As India turns 71 on Wednesday, here is a selection of 10 articles from across publications that capture facets of history and the challenges that the country faces.

  1. The freedom struggle gave us a creative, constructive and inclusive idea of nation. But the narrative of nationalism today goes against that vision, laments Communist Party of India leader D Raja in Indian Express.
  2.   Periyar and Ambedkar set fire to the Manusmriti in their radical protest against caste almost a century ago. But in the age of Hindutva, outdated injunctions glorifying a hierarchical and unequal social order have risen again from the ashes, writes Ananya Vajpeyi in The Hindu. 
  3.   Seven decades and change later, the centrifugal forces that worried the Indian state’s founders are no longer existential threats. But spatial inequality will loom large over the country’s growth and its federal structure if it is not addressed, says this editorial in Mint.
  4.   The persona of Narendra Modi looms so large over Indian politics in its commanding and ubiquitous presence, his will seems so superimposed upon the destiny of the nation, that it is tempting to place the entire burden of the ascendancy of moral cretinism on his persona. He certainly has a share of blame in the moral condition of the Republic. But there is a disquieting thought we need to confront. Is Modi a symptom or cause? Pratap Bhanu Mehta wonders in Open. 
  5.   As street children in the national capital with torn clothes and malnourished faces try to persuade the affluent to buy national flags for their mere survival, the tales of our fractured independence become sharper, says Avijit Pathak in The Wire.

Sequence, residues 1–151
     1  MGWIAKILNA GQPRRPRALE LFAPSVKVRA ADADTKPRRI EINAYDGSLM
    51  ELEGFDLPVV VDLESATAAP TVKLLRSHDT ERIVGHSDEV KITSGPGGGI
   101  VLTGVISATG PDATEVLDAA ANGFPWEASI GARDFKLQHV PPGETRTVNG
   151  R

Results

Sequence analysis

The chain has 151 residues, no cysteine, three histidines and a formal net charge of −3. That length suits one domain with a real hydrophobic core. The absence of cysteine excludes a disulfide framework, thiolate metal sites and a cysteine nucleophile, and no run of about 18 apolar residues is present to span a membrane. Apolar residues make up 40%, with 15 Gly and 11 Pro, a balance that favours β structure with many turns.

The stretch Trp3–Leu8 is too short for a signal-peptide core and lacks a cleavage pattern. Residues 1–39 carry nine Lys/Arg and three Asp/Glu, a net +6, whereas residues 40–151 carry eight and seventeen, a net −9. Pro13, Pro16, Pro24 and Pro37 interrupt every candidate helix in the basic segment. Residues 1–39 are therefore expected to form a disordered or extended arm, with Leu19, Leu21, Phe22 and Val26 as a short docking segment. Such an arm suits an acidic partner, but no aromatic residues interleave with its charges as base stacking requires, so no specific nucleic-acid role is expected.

6.   Mistakes are to be expected in leadership as they are in regular folk – large ones such as the one Emperor Ashoka lamented in his self-mortification over the Kalinga war or small ones. Owning them is the first step towards correcting them and preventing their recurrence, writes Gopalkrishna Gandhi in The Hindu as he looks back at the prime ministers and their vision.   
  7. Shoaib Daniyal details the brief dispute over naming India and Pakistan in 1947, which was reminiscent of the problems Greece and Macedonia faced for 27 years till they resolved the problem in June.  
  8. As India celebrated 70 years of freedom last year, Harsh Mander wrote on  worrying reminders that surfaced for the country’s religious minorities and oppressed castes and classes of how freedom continues to be stolen from them in the glittering India of today.  
  9. The two-nation theory wasn’t about cultural differences between Hindus and Muslims but was a strictly political premise on the need for two separate nations. Haroon Khalid last year explained how Pakistan misconstrued the two-nation theory in its quest for an identity. 
  10. On November 25, 1949, BR Ambedkar, in his last speech to the Constituent Assembly, spoke of the need to give up the grammar of anarchy, to avoid hero-worship, and to work towards a social – not just a political – democracy. The speech resonates even today as independent India turns 71.